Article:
Monday, November 7, 2022

Driving with a Dog - Simple Tips to Help You

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It can be nerve-wracking to drive your friend or family member for the first time, but it’s also a strong marker of maturity and personal development. You will never drive as carefully as you do with your own child in the car too, be that bringing your infant home from the hospital once you welcome them into the world, or simply during a comfortable commute to fetch groceries.

But there’s another consideration here - that of driving our pets. Now, cats are usually kept in cat travel cases, which they’re generally not too fond of, but due to their independence really need. Dogs, on the other hand, can be fun car buddies. That said, they’re not always super aware of the importance of safety when on the road, and if they’re particularly excitable, may be happy to jump on you or others in the car if you’re not careful.

As such, if driving with a dog for the first time, we think you might appreciate some of the following advice:

Cover Your Seats

Dogs tend to pitter-patter and tap their feet when they’re excited. They also shed hair, and depending on the season, a lot of it too. This is why it’s good to look for seat covers that work for this. Also, make sure they fit the seat so you can apply them and take them off easily as required - these types of truck seat covers can help you with that if you drive a larger vehicle. Also, bring a few cleaning supplies with you just in case the dog vomits or otherwise has an accident; this might sound a little gross to discuss but you’ll be happy that you thought about this in advance when it happens.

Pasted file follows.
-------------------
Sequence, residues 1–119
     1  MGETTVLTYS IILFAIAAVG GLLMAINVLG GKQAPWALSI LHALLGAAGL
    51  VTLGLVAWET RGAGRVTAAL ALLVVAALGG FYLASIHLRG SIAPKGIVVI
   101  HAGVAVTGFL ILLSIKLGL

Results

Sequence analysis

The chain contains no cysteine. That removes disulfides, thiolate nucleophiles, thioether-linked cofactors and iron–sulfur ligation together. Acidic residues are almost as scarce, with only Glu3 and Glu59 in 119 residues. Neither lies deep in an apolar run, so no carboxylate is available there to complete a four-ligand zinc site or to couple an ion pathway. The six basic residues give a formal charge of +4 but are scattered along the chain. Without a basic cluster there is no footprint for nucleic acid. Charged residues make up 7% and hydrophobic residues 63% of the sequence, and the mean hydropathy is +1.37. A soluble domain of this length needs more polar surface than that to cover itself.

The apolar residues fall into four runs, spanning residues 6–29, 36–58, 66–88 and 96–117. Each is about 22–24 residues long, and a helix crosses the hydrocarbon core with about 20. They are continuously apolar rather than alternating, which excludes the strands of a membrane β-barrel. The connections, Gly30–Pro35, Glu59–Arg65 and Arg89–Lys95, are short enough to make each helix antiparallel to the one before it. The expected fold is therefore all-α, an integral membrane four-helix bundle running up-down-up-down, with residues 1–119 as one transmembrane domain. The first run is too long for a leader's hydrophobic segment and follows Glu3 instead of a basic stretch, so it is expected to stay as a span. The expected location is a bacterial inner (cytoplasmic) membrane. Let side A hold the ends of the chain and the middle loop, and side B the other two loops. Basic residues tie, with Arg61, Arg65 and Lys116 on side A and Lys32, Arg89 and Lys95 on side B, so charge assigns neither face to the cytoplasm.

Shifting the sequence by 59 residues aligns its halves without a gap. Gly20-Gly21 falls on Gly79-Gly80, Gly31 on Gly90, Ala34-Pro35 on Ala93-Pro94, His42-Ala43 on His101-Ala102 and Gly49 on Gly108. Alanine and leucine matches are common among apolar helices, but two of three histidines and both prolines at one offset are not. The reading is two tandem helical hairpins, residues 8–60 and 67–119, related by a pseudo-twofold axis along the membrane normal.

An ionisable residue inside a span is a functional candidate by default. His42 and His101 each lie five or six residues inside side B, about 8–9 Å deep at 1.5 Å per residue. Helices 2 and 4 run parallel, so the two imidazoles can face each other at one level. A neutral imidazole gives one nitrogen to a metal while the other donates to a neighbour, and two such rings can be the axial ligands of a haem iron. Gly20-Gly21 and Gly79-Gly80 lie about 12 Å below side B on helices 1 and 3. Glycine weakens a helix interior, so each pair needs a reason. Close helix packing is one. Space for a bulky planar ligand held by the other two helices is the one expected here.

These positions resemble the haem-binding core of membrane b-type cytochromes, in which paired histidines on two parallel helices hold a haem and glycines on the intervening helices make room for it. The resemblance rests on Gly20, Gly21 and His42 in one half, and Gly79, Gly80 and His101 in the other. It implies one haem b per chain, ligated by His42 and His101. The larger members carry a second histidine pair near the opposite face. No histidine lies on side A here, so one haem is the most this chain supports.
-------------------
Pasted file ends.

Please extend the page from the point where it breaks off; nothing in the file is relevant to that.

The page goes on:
Mind The Window Gap

Dogs tend to enjoy sticking their head out of the window. Of course, it’s essential to make sure this window is opened a little so they can breathe more easily, and also so the car doesn’t solely smell of your dog, even though we’re sure yours is very hygienic. However, opening the window gap too far can sometimes inspire a dog to jump out, and on a highway, that’s not entirely ideal. So, make sure to crack it enough, but not too much, and depending on the size and behavior of your dog, moderate this appropriately.

Give Them Seat Space

Give your dog some seat space to relax on. Sure, they might not be able to use a seatbelt, but it can prevent them from feeling cooped up. Alternatively, you might clear some space in your rear car area, bring some seats down, and palace their bed here for comfort. If you have a smaller dog, then they might be able to fit in the foot area of the passenger seat. 

With this advice, you’re sure to drive with your friendly pooch, comfortably, in a relaxed fashion, and without preventing your continued focus on the road in front of you. After all, remaining safe is most important, and will continue to be.

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